Yesterday we observed the Spring Equinox. I'm pretty excited about that; I think it's worth another word or two, don't you? And there's no better source than William Wordsworth when we wish to wax poetic about spring. Among other works, he is, of course, associated with that wonderful little poem on daffodils, cheerful heralds of this splendid season.
In "Out-of-Doors" Wordsworth beamed:
It is the first mild day of March,
Each minute sweeter than before;
The redbreast sings from the tall larch
That stands beside the door.
There is a blessing in the air
Which seems a sense of joy to yield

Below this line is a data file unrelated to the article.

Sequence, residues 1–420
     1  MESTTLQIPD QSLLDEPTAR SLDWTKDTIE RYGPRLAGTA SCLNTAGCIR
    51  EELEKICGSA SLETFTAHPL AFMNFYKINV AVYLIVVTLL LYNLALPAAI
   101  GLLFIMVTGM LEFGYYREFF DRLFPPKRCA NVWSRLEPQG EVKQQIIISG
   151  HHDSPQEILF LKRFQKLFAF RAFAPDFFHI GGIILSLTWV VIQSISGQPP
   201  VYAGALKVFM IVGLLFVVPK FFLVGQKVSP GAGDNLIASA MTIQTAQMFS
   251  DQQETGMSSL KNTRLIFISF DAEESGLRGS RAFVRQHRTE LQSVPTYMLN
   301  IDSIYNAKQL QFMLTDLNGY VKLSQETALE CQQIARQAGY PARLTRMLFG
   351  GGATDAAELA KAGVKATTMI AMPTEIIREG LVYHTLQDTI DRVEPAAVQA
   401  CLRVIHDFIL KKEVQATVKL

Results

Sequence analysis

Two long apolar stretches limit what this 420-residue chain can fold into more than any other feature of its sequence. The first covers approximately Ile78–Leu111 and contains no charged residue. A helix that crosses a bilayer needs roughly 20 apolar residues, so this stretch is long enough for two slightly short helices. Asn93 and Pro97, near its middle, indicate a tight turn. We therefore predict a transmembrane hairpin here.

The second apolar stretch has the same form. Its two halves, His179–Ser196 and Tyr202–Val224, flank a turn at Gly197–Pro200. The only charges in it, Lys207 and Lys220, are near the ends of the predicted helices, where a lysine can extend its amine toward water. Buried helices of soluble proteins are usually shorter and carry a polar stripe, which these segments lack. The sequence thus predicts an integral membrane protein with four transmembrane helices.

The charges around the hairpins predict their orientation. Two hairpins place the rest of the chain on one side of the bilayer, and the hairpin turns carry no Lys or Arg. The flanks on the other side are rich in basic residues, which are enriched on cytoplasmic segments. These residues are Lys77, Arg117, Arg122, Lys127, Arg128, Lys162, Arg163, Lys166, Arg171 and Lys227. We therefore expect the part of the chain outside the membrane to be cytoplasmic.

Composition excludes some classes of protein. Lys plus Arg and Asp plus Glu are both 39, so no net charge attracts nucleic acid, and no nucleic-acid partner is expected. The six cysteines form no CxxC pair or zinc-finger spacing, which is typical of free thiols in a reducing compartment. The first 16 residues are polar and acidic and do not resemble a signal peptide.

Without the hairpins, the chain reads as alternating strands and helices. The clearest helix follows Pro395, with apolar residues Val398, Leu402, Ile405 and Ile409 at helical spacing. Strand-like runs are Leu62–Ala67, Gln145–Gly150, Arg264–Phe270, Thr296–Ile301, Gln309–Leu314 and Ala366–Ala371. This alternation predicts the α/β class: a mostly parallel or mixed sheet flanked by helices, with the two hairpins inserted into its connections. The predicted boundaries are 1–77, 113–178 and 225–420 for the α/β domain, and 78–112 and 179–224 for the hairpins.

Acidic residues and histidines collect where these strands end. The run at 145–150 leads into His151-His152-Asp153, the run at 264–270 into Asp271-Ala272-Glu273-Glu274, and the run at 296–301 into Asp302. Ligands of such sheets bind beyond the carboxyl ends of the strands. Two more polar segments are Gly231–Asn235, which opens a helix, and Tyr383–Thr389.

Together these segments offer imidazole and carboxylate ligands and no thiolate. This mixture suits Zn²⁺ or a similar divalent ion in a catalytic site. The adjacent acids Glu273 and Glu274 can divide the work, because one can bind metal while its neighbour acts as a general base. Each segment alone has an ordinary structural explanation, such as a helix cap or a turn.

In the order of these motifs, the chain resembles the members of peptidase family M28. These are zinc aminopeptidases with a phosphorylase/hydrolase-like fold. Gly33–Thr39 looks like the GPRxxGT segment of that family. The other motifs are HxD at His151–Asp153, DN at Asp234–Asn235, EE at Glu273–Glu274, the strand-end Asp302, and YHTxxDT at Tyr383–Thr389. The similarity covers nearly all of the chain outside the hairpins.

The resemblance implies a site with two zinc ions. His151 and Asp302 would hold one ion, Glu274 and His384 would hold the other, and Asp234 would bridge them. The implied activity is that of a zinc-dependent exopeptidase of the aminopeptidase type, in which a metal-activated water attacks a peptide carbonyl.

To the bare trees, and mountains bare,
And grass in the green field.
Love, now a universal birth,
From heart to heart is stealing,
From earth to man, from man to earth;
It is the hour of feeling.
One moment now may give us more
Than years of toiling reason:
Our minds shall drink at every pore
The spirit of the season.
More: Halls' Honeysuckle
Photo ©2011 David Beaulieu (licensed to About, Inc.)